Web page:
When Miscione became supervisor, he said the town had already been working to consolidate its assets. “There was police in one building, the highway department in another, the town office in the village, and the Senior Center at the church,” he said. “The consolidation has saved the town a lot of money, and we’ve received a lot of praise for the building. It’s in a nice location, has a big parking lot accessible for the disabled, is safe, is newer, and is in a great central area.”
Miscione said the town had heard from residents upset that the senior center had been moved out of the village. “We made some people happy on one side of town and some people angry on the other,” he said. “It’s tough. We’re told it’s the wrong location, but then what is the right location? We have a kitchen there now, and it’s all on one floor. Before, seniors had to walk downstairs.”
Not too long after the town board returned from COVID-19 in 2021, Miscione said town board members began to discuss lagging attendance at the center.
“The program was spending all this money with six employees and maybe six seniors showing up,” Miscione said, adding that board member Richard Lenart also serves as a treasurer for the New York Mills Senior Center. “And [Lenart] said all around, all the other senior centers are mostly volunteers, or the director got $6,500 for the whole year.”
Officials began conducting a new round of surveys, including center attendance figures.
“Three people on the board said they wanted to come up with a plan and conduct some surveys to create a successful program together; otherwise, it wouldn’t be worth having,” Miscione said. “In reality, it was cheaper to have seniors go to a local restaurant and pay for their lunch. That’s how expensive the reality of the senior center was.”
Still in the budget
When it comes to funds, Miscione said the money for the center is still in the budget and is not being used for anything else. There had been accusations of misappropriation of funds, but Miscione said these statements were false and defamatory.
As it stands, the adopted 2022 Senior Center budget has $15,000 set aside for a part-time director, $12,500 for a part-time manager, $9,000 for a part-time clerk, $9,000 for part-time help/miscellaneous expenses, $1,000 for equipment, and $10,000 for contractual obligations.
“The board feels the senior center should be a worthwhile program, and all that employment for just a few people to show up was not cost-effective for the residents,” Miscione said. “And we had a full-time director [who retired in 2019] that was there for many years. So that was a lot in employee benefits. And that was costly.”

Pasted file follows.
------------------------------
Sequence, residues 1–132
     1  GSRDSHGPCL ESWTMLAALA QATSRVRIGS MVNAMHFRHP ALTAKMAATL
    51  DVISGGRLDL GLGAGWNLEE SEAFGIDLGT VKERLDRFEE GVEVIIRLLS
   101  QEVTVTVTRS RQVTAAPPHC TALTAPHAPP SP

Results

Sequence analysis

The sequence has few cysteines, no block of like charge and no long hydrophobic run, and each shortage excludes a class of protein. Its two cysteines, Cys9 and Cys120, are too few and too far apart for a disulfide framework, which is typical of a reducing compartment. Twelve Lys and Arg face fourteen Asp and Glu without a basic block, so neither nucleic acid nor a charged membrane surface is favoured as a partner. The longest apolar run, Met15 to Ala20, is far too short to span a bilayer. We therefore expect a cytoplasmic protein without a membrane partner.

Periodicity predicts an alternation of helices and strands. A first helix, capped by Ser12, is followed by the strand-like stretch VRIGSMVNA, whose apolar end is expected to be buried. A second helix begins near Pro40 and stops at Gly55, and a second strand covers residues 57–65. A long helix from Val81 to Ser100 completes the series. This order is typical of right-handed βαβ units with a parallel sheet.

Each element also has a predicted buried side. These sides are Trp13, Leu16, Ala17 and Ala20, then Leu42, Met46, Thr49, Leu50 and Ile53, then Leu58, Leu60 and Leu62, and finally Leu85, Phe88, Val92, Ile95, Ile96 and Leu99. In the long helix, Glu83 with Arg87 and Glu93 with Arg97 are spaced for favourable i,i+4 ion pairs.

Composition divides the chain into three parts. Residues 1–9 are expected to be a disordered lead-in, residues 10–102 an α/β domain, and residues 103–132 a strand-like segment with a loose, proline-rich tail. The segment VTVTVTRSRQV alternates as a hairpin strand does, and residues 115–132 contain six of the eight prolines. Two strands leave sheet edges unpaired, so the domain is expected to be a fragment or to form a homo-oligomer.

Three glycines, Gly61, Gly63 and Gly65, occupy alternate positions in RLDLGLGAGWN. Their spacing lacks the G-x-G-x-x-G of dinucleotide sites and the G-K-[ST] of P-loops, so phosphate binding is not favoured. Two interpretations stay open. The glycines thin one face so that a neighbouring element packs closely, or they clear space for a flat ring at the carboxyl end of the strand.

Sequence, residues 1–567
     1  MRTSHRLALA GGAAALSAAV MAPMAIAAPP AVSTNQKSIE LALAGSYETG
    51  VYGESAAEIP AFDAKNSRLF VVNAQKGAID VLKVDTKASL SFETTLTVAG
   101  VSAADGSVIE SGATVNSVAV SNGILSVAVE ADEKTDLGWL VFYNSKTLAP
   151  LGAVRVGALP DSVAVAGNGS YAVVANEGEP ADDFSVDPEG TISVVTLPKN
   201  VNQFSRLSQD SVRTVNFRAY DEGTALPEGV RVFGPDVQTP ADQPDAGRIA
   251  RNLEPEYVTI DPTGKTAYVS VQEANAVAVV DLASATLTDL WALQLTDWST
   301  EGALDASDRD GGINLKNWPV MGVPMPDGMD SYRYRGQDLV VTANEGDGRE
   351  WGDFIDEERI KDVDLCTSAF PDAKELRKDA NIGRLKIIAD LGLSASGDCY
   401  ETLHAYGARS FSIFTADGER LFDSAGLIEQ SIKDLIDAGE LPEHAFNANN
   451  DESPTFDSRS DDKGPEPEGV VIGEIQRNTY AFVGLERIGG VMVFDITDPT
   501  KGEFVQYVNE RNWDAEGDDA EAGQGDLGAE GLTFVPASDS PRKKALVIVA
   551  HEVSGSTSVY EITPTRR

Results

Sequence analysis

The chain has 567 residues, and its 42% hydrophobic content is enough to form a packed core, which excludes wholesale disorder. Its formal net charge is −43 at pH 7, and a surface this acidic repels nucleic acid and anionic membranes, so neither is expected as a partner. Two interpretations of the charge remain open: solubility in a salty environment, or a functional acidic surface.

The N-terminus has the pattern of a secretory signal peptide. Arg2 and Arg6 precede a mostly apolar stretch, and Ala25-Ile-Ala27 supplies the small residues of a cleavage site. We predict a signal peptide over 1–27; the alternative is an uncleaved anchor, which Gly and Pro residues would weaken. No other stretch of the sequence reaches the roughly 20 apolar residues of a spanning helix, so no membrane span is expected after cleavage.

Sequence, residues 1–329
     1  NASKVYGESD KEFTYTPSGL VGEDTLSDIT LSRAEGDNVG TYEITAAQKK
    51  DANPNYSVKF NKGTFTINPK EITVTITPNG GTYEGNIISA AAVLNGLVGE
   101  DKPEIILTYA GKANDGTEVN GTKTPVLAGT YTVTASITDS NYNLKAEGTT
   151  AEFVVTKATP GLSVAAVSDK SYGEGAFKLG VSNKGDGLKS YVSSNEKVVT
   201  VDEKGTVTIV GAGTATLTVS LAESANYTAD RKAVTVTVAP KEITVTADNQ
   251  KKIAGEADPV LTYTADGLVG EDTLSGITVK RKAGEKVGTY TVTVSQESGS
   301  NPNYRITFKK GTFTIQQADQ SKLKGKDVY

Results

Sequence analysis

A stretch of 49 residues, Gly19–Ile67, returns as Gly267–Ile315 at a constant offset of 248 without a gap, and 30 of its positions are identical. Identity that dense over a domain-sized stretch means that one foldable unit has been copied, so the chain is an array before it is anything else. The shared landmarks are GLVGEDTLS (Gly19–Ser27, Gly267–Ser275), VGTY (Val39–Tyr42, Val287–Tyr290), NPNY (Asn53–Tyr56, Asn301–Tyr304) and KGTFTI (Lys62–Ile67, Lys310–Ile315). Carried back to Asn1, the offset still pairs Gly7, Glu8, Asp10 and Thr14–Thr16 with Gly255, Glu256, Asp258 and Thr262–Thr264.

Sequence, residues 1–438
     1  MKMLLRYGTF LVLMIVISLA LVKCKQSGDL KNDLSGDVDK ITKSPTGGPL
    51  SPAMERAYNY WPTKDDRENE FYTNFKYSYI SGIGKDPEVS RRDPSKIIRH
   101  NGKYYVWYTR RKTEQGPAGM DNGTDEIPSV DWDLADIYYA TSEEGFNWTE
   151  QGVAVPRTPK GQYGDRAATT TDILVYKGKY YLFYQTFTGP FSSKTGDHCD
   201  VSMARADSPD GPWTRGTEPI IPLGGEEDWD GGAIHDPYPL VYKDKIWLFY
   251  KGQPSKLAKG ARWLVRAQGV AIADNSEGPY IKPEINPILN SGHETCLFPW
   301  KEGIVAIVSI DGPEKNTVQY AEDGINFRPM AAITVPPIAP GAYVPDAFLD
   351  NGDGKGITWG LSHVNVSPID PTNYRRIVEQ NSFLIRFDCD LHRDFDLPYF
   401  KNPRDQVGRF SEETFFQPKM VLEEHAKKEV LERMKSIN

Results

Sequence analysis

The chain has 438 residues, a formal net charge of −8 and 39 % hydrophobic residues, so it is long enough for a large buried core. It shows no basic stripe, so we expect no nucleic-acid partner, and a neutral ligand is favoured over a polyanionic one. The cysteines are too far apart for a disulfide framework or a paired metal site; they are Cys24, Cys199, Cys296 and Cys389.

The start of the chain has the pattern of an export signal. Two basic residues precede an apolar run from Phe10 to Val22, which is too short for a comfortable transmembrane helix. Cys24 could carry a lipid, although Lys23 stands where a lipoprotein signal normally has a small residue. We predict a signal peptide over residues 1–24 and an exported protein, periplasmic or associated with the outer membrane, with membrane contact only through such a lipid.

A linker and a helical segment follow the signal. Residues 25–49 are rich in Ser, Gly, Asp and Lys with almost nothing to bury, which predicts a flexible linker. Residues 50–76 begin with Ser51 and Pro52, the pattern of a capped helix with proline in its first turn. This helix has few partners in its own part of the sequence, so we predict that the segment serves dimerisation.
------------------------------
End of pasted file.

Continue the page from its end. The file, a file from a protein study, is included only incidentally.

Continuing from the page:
Miscione said the decision to open or close the center remains a board decision.
“There are five people on the board, and there were three votes against opening the senior center,” he said. “The town board closed the Senior Center when Oneida County COVID-19 numbers spiked. And after that, the town board refused to open it, and we don’t have the votes to. So it doesn’t matter if I say, ‘Yes, we want to open the Senior Center,’ it will remain closed until the board votes to. And that’s town law.”
“I’m strong for the senior center as long as it’s productive for everyone, and there are many residents who get a benefit out of it,” Miscione added.
Suzanne Crawford is a Zumba instructor and had been teaching at the Senior Center on and off since November 2019. “The issue I feel is the Senior Center is constantly being shut down,” she said. “During the COVID-19 situation, that was understandable. But now it feels COVID-19 was an excuse to shut down after there was any uptick in cases.”
Crawford said the class offered seniors a crucial opportunity for both exercise and socialization. “I had a large group of ladies come every single week,” she said.
“There was a big stir with everyone when the kitchen closed,” Crawford added. She had been keeping in touch with her classes after the closing. “There are plenty of seniors out there that want something to do. They have a huge space, and it’s going unused, and it’s unfortunate. There’s a lot who would benefit from it.”
Miscione said he doesn’t see the center reopening without both a plan and a point person.
“We don’t have the employees or volunteers to run it,” he said. “And we need the right person to spearhead the project and run it correctly. And we don’t have it. We have the committee, but we need someone there willing to take control.”